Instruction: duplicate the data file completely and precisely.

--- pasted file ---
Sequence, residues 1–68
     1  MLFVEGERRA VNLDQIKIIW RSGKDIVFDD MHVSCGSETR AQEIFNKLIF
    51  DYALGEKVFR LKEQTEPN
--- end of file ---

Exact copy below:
Sequence, residues 1–68
     1  MLFVEGERRA VNLDQIKIIW RSGKDIVFDD MHVSCGSETR AQEIFNKLIF
    51  DYALGEKVFR LKEQTEPN